At-home allergy test to assess in four easy steps whether a particular food might be triggering intolerance or sensitivity issues. Not appropriate for severe situations that may trigger anaphylaxis.
Food sensitivities and allergies in children are clearly on the rise. Official estimates put the number at about 6% of children under the age of three. This sure seems low to me.
In my child’s preschool class, 10 of 12 children suffered from at least one food allergy!
When I went through elementary school in the 1970s, I barely remember one child with a food allergy of any kind.
Food Allergies, Intolerance, and Sensitivities
In years past, genetic predisposition was a clear and primary contributor to the development of allergies.
However, the modern-day tendency for children to eat just a few types of foods all the time like pizza, chicken nuggets, mac and cheese, boxed cereal and peanut butter sandwiches is a big reason for the skyrocketing allergy trend.
Exclusive eating requires a constant demand for the same types of digestive enzymes over and over. This can eventually lead to digestive exhaustion, food addictions, and biochemical disruptions.
Poor diet in infancy and childhood which is devoid or low in animal fats such as egg yolks, cream, and butter is also a contributor to the development of allergies.
The nutritionless, carb-heavy, rancid vegetable oil-laden processed foods most allergy-prone children subsist on can lead to weakness in the intestinal walls. Another name for this is leaky gut syndrome.
These microscopic perforations allow partially digested food particles to enter the bloodstream. At that point, the trigger is set for an unpredictable mix of auto-immune and behavioral disorders.
What to do if you suspect a food allergy in your child or yourself but you wish to avoid expensive testing?
Home Pulse Test
As it turns out, it is rather easy to test for a food allergy at home.
Note that this is not appropriate for any situation where anaphylaxis might occur.
The four simple steps include the following:
- Avoid the suspected food for at least 4 days.
- Eat a moderate amount of the suspected food on an empty stomach. Consume no other food within the previous 2 hours (drinking water is fine).
- Measure pulse rate (beats per minute) before and 5-10 minutes after eating the food in question.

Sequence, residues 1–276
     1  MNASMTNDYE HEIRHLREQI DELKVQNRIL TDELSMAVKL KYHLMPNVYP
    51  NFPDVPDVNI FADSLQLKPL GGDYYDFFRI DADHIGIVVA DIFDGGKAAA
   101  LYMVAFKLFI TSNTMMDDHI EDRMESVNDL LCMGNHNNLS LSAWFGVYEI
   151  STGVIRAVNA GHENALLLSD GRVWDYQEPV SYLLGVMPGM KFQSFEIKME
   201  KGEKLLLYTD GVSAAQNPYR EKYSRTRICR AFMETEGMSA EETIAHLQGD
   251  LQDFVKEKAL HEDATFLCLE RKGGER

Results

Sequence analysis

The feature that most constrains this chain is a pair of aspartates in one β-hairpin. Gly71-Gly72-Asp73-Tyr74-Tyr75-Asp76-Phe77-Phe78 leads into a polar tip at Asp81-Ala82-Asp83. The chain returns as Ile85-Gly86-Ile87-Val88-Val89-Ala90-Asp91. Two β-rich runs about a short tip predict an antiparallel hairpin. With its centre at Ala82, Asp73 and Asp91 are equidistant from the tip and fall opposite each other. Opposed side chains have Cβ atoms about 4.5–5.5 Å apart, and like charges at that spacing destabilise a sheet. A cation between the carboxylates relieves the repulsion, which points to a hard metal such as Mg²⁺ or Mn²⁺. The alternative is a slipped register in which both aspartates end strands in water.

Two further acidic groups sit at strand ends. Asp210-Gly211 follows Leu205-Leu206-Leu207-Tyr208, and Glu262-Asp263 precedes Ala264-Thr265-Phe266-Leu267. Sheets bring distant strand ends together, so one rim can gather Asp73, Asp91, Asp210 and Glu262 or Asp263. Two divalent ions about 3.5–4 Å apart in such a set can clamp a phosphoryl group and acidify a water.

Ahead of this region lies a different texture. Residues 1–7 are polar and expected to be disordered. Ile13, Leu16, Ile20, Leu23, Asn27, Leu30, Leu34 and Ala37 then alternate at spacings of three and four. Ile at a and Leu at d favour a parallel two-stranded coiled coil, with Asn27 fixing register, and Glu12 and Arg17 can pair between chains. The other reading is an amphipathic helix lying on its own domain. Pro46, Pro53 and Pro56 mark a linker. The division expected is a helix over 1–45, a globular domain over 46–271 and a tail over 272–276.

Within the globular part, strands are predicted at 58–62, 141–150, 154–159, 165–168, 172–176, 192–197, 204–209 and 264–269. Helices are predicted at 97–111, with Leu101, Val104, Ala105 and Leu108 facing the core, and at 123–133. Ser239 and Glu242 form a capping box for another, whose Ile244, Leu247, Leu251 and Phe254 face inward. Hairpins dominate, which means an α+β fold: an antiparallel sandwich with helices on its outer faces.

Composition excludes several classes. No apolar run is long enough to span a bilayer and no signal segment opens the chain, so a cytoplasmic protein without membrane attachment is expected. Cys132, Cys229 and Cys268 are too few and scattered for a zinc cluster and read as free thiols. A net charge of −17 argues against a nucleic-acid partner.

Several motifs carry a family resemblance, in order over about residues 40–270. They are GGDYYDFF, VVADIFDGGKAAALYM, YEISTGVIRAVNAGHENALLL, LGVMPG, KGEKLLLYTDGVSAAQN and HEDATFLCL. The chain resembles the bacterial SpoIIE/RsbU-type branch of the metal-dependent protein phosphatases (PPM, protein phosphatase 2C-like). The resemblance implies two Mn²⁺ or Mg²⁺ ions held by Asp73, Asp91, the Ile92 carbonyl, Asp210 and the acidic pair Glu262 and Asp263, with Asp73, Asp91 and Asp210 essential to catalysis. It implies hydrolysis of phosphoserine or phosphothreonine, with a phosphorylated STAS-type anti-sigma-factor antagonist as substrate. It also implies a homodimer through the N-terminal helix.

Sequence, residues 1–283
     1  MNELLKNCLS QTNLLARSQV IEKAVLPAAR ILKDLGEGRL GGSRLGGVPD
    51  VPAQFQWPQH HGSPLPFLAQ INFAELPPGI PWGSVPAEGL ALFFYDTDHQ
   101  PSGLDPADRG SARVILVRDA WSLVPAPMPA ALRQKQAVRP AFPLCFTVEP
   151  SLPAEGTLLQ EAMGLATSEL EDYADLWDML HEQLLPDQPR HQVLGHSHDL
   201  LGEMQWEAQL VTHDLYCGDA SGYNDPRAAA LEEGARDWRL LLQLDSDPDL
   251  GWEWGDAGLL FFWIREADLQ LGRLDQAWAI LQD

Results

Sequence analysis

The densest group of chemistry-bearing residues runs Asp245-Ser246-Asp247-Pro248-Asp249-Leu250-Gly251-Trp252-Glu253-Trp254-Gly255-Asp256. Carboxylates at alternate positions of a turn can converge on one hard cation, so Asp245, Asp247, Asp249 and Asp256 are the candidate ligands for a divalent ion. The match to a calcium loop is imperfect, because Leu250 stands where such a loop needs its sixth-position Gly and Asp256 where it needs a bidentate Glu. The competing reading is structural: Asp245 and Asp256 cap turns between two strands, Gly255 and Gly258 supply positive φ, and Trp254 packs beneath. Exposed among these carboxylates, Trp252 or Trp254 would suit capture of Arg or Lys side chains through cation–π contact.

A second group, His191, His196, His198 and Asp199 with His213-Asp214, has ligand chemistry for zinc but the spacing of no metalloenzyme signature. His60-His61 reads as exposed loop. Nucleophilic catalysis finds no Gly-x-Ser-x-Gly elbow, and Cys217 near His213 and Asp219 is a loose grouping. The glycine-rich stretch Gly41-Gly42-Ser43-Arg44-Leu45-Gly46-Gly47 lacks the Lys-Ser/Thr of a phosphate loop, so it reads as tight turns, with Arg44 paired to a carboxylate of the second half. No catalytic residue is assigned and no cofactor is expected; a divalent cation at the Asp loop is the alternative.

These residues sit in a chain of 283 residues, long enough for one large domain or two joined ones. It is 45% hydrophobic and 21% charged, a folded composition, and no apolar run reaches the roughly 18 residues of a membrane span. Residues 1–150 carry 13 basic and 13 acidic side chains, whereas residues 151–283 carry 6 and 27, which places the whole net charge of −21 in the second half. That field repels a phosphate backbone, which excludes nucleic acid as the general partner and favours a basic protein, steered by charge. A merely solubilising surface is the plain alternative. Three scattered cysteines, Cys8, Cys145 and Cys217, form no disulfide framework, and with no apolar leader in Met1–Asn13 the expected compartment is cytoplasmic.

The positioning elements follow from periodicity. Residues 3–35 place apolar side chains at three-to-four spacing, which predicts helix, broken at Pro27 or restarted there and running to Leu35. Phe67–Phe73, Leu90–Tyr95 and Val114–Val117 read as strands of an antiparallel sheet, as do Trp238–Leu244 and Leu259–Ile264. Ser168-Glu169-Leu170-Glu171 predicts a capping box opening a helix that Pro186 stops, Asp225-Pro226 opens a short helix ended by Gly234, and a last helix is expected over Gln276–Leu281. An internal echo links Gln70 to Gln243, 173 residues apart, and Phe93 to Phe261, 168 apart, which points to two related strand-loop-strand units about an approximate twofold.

- Calculate the difference in pulse rate. Did you find a significant rise of more than just a few beats per minute? If so, then an allergy or intolerance is likely even if you do not identify any other symptoms.
Besides an increased or racing pulse, food sensitivities and allergies can be identified via rashes, fatigue, insomnia, headaches, joint pain, and even hoarseness.
How to Heal
Once one or more food allergies are identified, a diet such as GAPS would need to be followed.
Over a period of time, usually 18 months to about 3 years, the gut wall will heal and seal. At that point, offending foods can be gradually reintroduced into the diet.
If the allergies are not severe, simply eating a varied and best traditional diet may be all that is necessary to put them in remission. This means no refined or stimulating foods.
In addition, a variety of traditionally fermented foods and beverages like home-brewed kombucha help tremendously with supplying friendly bacteria and food enzymes to keep the intestinal tract in optimal function.
These vital foods help maintain the integrity of the gut wall. This prevents compromise where undigested foods spill into the blood and trigger symptoms of sensitivity or intolerance.
Prevention is the Best Policy
Ultimately, it is best to never have to “undo” allergies if at all possible.
Eating a nourishing, traditional diet while pregnant and breastfeeding and ensuring that growing children receive regular and sufficient quantities of optimal growth encouraging foods.
This is the best insurance policy against ever needing any sort of special diet to combat allergy or other autoimmune issues.
Nourishing Traditions, About Food Allergies and Special Diets